A humane proposal | Daily News


 

A humane proposal

The move by Prime Minister Mahinda Rajapaksa to ban cattle slaughter is going to win for him much accolades from the Maha Sangha and Buddhists in general. The Premier has proposed to implement new laws to prevent cattle slaughter and the decision has been endorsed by most MPs at the Government Parliamentary Group meeting on Tuesday. This ban on cattle slaughter has been mooted prior to this on several occasions, but a final decision was left in abeyance.

The other day, much opposition was registered by many at the auctioning of police dogs who were past their prime. No doubt, they felt it was wrong, nay inhuman, to dispose of these animals after serving their masters for long years, when they become old and feeble. The Defence Secretary has now rightly ordered the Armed Forces and Police not to auction service animals in the future.

Most people, particularly Buddhists and Hindus, attach even more sentiment and compassion to cattle. They are victims of exploitation as beasts of burden where they are made to endure back-breaking chores and mind-boggling suffering while inflicted with untold physical pain, yoked to their carts with heavy loads and beaten along their journeys by their heartless task masters. The cow is also a vital source of nourishment to the young and old alike with their ready supply of milk and has also proved to be a rich source of income to many households, not to mention the local dairy industry. To, therefore, consign these voiceless animals to the slaughterhouse when no more could be squeezed out of their labour and udders are milked dry is a heartless act. Television is full of the torture inflicted on these hapless beasts while being transported for illegal slaughter, with their limbs and mouths tightly roped in and dozens lying in heaps over each other unable to breathe in lorries that could barely hold half the number being transported. But what must be most abhorrent is the manner of slaughter of the animal subjecting it to torturous ordeal before the final mortal delivery of the heavy axe on the skull or neck of the hapless beast.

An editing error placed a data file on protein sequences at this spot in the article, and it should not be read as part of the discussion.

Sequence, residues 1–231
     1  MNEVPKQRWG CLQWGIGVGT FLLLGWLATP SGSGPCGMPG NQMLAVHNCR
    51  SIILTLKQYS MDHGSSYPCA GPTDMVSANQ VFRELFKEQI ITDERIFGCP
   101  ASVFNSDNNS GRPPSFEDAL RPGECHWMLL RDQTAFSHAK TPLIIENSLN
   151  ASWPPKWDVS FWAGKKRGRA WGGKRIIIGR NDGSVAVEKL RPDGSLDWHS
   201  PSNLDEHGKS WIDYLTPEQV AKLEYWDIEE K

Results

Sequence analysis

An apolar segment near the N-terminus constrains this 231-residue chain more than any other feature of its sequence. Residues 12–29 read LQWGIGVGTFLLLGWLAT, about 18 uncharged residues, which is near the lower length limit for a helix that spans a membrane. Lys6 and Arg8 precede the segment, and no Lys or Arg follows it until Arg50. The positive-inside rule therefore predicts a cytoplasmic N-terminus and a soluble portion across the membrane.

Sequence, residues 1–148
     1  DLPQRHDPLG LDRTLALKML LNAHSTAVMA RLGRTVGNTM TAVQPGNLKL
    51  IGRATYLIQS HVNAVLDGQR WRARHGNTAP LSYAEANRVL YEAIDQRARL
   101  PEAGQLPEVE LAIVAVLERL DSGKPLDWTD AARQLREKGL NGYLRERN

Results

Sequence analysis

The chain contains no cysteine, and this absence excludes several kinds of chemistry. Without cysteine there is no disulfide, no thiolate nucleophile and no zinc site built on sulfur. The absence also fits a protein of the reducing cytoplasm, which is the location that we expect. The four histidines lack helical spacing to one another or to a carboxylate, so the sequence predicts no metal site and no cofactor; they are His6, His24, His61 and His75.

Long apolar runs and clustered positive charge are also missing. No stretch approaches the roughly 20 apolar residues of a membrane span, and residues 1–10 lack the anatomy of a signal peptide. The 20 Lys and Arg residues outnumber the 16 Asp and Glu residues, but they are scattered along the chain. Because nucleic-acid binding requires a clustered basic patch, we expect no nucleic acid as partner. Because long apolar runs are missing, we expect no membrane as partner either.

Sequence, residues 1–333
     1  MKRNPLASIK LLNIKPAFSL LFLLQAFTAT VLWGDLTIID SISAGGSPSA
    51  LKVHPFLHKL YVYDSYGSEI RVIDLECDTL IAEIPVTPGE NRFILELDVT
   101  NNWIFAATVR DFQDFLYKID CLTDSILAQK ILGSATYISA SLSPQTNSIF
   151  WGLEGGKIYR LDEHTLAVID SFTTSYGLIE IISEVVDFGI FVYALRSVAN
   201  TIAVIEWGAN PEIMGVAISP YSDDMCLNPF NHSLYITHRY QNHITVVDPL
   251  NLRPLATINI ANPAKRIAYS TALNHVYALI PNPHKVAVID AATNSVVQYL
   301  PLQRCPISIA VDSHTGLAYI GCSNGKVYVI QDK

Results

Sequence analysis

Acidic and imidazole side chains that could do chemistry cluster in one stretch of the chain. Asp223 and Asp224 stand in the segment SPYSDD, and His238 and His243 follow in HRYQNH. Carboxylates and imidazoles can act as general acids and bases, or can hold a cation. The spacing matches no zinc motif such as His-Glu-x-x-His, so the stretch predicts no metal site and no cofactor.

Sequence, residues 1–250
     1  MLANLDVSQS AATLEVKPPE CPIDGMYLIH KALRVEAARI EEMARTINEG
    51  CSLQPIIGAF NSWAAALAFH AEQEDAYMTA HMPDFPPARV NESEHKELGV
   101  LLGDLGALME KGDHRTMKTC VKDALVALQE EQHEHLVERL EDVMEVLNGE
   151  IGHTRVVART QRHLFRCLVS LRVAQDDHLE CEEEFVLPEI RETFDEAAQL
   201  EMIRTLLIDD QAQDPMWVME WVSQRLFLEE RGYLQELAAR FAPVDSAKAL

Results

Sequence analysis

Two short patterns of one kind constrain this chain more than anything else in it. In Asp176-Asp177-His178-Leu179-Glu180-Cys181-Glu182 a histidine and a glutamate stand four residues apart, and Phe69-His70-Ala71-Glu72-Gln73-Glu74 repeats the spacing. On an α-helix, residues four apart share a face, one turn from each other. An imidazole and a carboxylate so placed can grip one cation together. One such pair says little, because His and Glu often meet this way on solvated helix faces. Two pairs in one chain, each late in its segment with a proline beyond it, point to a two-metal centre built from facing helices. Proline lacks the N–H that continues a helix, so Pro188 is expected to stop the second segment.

One is accustomed to see cattle being saved from slaughter often with the intervention of members of the Maha Sangha, particularly on Poya days which is another indication of the love and compassion shown to this animal and the opposition to cattle slaughter in this country. Thus there is no doubt that the Premier is fully justified in coming to this decision. Besides, we are a Buddhist country and one of the core teachings of Buddhism is compassion (Karuna) to all living beings. The killing of all animals therefore is strictly taboo under Buddhism.

In India, cattle slaughter is banned in many States and there have often been acts of violence over the killing of cattle. While no such incidents have taken place here protests had been staged against the opening of beef stalls in the vicinity of Buddhist temples and there was one occasion where a member of the Buddhist clergy even purchased a beef stall premises to prevent the sale of beef in that area.

Hence, Premier Rajapaksa will certainly receive the support of the vast majority in this country in his move to halt cattle slaughter. It is however likely that beef would be imported to cater to the needs of those who wish to eat beef if the ban is implemented. No doubt beef has its value when leaving out the inhuman aspect of its procurement. It is a rich source of protein which is largely consumed by sportsmen and is a regular dish in homes of mostly the Catholic and Muslim communities.

It will be difficult for these segments to go without an item to which they have got all too accustomed, all at once. Hence, any ban should be introduced in stages so that they could gradually shift to other substitutes. One must also not forget that hotels, restaurants, pubs too have beef as a main item in their menus. How they are going to manage is also a question.

Also, the local beef industry is a sizable one and is a livelihood for thousands, particularly in the Western province. Hence, any ban on cattle slaughter should also factor in this aspect. The large demand for beef could be gauged from the frequent police raids on illegal slaughter houses and the many detections of illegal cattle transport. While the proposed ban may be welcomed by the vast majority of people in this country who are followers of the Buddha Dhamma, there could be others belonging to other religions who may not welcome the idea, particularly the Muslim community, to whom the sacrifice of cattle during certain religious festivals is a chief ritual. Hence, the proposed ban, welcome as it is, should be implemented with much care and circumspection without hurting the sentiments of any community or religious groups.

 


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